What did he just call Scala? ;)



Robert Fischer said...


James Iry said...

Ismael Juma,

After reading that and his comments to Martin I've mentally moved him from "merely ignorant" to "trolling douchebag."

Robert Fischer said...

You're calling me a trolling douchebag? That's awfully harsh. I've actually appreciated the exchange I've had with Martin—it's really made the situation a lot more clear. Some of my characterizations of him were off (and there's still a few things I don't get), but I didn't realize that until we had a chance to talk.

Henrik Huttunen said...

D creator, Walter Bright, doesn't consider Scala as very functional ;)

"Neither C# nor Scala support pure functions or immutable data structures, which
are fundamental to FP. I don't see how they can be considered as
supporting functional programming."

Gabriel C. said...

Henrik, great link :)
I wonder what Walter Bright would think if somebody tells him that Java supports pure functions and immutable data structures...

Donna Malayeri said...

@Gabriel: Java supports functional data structures, but 1) programming them is a pain, 2) the JVM doesn't do any optimizations for them. You can write OO code in C (manual dispatch tables, etc), but this doesn't mean the language supports OO programming. Plus javac doesn't do any tail call recursion optimization, which is pretty critical for functional programming.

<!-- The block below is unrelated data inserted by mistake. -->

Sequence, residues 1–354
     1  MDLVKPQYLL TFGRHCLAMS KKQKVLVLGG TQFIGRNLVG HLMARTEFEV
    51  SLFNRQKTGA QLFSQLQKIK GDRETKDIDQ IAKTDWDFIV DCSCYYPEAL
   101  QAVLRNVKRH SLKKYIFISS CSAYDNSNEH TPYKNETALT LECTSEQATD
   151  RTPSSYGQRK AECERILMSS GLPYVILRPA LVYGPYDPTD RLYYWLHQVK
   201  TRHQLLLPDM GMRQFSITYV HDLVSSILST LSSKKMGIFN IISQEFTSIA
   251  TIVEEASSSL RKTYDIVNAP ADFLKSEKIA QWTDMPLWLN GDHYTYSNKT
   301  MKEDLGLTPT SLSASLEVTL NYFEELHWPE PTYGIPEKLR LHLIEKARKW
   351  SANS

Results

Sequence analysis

Donna Malayeri said...

...not that this changes the fact that Walter Bright is wrong on this...

Carlo said...

I have to say that this language is so functional but there are some people who don't understand that for example my friend named Sildenafil he's skeptical about that scala.

Robert Fischer said...

"I think it's fair to say that point-free style is not idiomatic Scala. If you ask me, it's not particularly missed." -- @odersky

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Nick said...

Gabriel: Walter Bright didn't say if a language supported pure functions and immutable data structures then it is a functional language. He just said those 2 things are some of the prerequisites. Earlier in the discussion he said:"To me, the foundations of FP are immutability,purity, and closures, which got a lot of attention. Most of your pointsare already supported by D, although not quite as conveniently as inmany other languages." Java not supporting closures stops it from being considered functional.Also, I may be wrong, but I don't expect that Java allows users to define their own immutable data structures, even if it offers built-ins. I'm pretty sure that's what Walter meant.

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Robert Fischer said...

Still not crazy to make this claim.!topic/scala-debate/aI81VLgk_Gc

(3) Basic features (mostly FP) are missing from parts of the library, causing unnecessarily verbose and hard-to-follow code.  (a) It seems like "re-invent |>" is the answer to a StackOverflow question about once a week.
That's intentional. I believe |> is not idiomatic Scala style; and I would tend to use method chaining instead. Generally, trying to do point-free style in Scala is a dead end."